Kohler Conference — Day Two

Sheboygan, WI

The above video clip is a segment from the closing dinner, inspired by the environmental artists and was created by a group called “The Nana Projects” (Molly Ross and artists Annie Howe, Alison Heimstead, Elisabeth Roskos and Adam Krandle)  It was performed to music using 3 overhead projectors and acetate overlays.  Watching the artists switching overlays was like watching a great dance.  (Please forgive the quality of the video – it was shot in the dark with my digital camera) 

This is just a small snippet from the middle of the show.  It was awesome in the true sense of the word. You will see the art of Fred Smith’s Wisconsin Concrete Park (hunter and fiddler and head dress sculpture) then Dr. Evermor’s Forevertron (the crowd cheers when it blasts into space…his dream)  Hard to believe that this was all still art on acetate. 

Here are just a few more of the discussions from this day (trust me there was more great information shared than I could possibly process and share here):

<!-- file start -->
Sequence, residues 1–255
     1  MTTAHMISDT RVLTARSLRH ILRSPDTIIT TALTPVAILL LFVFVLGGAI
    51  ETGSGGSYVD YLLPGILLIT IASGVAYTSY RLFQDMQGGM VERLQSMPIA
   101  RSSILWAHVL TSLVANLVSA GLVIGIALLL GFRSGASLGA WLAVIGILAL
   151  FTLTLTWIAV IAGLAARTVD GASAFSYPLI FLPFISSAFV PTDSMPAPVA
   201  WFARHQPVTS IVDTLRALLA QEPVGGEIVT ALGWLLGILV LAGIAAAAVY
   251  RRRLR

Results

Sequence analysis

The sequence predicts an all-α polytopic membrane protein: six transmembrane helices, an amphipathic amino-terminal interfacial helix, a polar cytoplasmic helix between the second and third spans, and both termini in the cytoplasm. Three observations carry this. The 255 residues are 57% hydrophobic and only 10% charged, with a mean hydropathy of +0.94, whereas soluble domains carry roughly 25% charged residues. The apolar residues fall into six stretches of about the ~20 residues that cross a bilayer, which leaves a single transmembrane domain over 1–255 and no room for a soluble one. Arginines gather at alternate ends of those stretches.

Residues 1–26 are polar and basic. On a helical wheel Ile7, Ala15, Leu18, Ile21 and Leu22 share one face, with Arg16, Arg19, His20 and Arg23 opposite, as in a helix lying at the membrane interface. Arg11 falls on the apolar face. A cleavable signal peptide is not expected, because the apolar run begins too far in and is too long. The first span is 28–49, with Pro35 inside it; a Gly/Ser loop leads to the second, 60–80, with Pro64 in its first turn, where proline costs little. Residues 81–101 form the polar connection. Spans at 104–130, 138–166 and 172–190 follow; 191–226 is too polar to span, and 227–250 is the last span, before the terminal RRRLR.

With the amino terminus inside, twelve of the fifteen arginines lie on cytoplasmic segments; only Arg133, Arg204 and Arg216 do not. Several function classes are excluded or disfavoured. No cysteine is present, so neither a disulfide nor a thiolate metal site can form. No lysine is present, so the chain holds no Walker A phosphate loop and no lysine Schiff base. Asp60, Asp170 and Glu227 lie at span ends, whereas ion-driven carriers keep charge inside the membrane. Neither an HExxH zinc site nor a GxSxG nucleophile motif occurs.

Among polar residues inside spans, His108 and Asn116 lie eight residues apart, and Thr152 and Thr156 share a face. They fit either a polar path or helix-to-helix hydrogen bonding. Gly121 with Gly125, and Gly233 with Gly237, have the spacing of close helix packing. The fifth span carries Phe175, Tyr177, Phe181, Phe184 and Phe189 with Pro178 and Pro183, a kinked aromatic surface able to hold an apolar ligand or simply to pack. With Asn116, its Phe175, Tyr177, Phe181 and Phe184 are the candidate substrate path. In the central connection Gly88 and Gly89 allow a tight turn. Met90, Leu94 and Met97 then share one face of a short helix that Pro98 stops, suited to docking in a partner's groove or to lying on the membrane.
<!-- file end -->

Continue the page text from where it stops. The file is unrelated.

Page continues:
Wayne Cox: Errol McKenzie’s Black Moon Island: Body of Darkness, Womb of Light
Quote from Errol McKenzie, “If I know the Universe, why do I need a university?”

Jeffrey Hayes: Paradise Lost: Reflections on the Impermanence of Vernacular Environments
Calvin and Ruby Black’s Gilded Bird Cage Theater at Possum Trot.  View the film ”Possum Trot: The Life and Work of Calvin Black, 1903-1972”


Daniel Franklin Ward Reflections on Broken Glass and Tile: Some Contexts and Controversies Regarding Sam Rodia’s Watts Legacy 
it is believed that Simon Rodia built the Watts Towers to share something he knew as a boy in Nola, Italy…the Giglio Towers that were paraded through the streets in celebration of the Feast of San Paolino. The shape of the the land that the towers stand on is in the shape of a boat, and he had completed 7 of the 8 towers before he left.  

Tom Patterson: Social Roadblocks for Preserving Art Environments: St. Eddie Owens Martin’s “Land of Pasaquan. 

Dr. Charles Smith and Dr. Henry Drewal on African-American art environments: myth and meaning 

Robert McCullough on Albert Zahn’s “Birds Park”